Trucks with Rapido couplers.

IMG_3766.thumb.JPG.87832ed1fb451378f221ef9d4e7ab25b.JPG

 

Remove screw and truck and be careful the springs don't fly away.  I've lost a few not being careful and just letting the trucks drop.

IMG_3768.thumb.jpeg.6bd8703ff08c8471486484b8959c2b90.jpeg

 

Snip off the rapido coupler holder.  This makes it a permanent change unless you go and buy replacement trucks with rapido couplers, but why?

IMG_3769.thumb.jpeg.02309a6d397f8bb99e5b683cad777370.jpeg

 

Snap on the TN couplers by lining up the 2 holes on each side.  Make sure it clicks in and that it's snug.

IMG_3770.thumb.jpeg.46f53f4ebb9801c067a07befd52d35e0.jpeg

 

Install the truck, don't forget the springs.  It's done!

IMG_3772.thumb.jpeg.2c0f2af16c599921eb8a910537635354.jpeg

 

Before with rapido couplers.

IMG_3764.thumb.jpeg.8bcfab8a3e71bead206b6229fac5066c.jpeg

 

After with Tomix TN couplers, barely a gap.

IMG_3774.thumb.jpeg.a1f1f01e1557a3f7af9e9c6820f746a9.jpeg

 

The final product.  It is a bit on the pricey side but IMHO, it's worth it for the realistic look of the couplers and the overall appearance of

whole train coupled together closely.

IMG_3773.thumb.jpeg.6354269757ac1b8f1486691bbf5cf5e1.jpeg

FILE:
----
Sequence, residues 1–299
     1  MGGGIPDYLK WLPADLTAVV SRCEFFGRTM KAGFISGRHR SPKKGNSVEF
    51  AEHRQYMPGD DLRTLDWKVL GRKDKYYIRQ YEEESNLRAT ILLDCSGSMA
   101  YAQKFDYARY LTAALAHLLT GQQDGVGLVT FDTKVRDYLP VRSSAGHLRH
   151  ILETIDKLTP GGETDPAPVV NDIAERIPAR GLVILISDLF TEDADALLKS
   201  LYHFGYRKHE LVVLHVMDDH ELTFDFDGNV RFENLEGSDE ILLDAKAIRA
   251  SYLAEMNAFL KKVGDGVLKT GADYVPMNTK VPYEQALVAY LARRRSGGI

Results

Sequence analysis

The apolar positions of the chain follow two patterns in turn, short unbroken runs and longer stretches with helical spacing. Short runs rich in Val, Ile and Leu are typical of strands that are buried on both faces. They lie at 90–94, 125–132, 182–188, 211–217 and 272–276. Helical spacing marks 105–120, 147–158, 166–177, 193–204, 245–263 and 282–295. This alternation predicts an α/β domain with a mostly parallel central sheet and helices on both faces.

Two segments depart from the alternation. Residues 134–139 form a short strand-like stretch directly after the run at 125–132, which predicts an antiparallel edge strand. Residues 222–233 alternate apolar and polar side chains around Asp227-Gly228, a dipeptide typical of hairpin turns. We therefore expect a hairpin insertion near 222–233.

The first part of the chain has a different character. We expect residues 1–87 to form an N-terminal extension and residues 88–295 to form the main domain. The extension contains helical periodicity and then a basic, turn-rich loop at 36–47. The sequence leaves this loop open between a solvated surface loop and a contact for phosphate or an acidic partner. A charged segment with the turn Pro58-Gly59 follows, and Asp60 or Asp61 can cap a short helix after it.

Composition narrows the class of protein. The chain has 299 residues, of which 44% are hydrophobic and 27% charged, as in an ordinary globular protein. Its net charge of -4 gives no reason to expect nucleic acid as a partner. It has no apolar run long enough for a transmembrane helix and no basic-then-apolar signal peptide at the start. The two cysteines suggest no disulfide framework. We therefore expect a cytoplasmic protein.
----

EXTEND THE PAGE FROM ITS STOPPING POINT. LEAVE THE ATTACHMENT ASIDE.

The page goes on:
Edited by serotta1972
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velotrain
21 hours ago, kvp said:

 

To my surprise, they all run on the kato mini curves, including the ef58, but the car corners are almost touching, even with the basic rapido couplers.

 

 

Looks like you need some of Paul's lighting effects ;-)

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Pashina12
24 minutes ago, serotta1972 said:

Replacing rapido couplers with Tomix 0336 TN Couplers for beginners...

The final product.  It is a bit on the pricey side but IMHO, it's worth it for the realistic look of the couplers and the overall appearance of

whole train coupled together closely.

 

I agree completely - an enormous difference. It looks great!

 

I asked my friend (the one who makes his own Proto:160 wheels etc) today to look at my Tomix and Popondetta freight cars to ask his opinion on swapping the couplers out to MTs. His verdict, piece of cake, even said he'd be willing to do it for me. Once my first Kato C11 arrives (hopefully as soon as the week after next?) he's going to take a look at that, too. He said off the bat that that'll likely be a bit more labour intensive but he's willing to do those for me, too. I also talked with some of the N-Trak guys about their experiences in running at shows (where the joints can sometimes be not quite perfect), and my general take-away from it was that if they're mounted properly, they're quite reliable. So I think that question is settled for me now.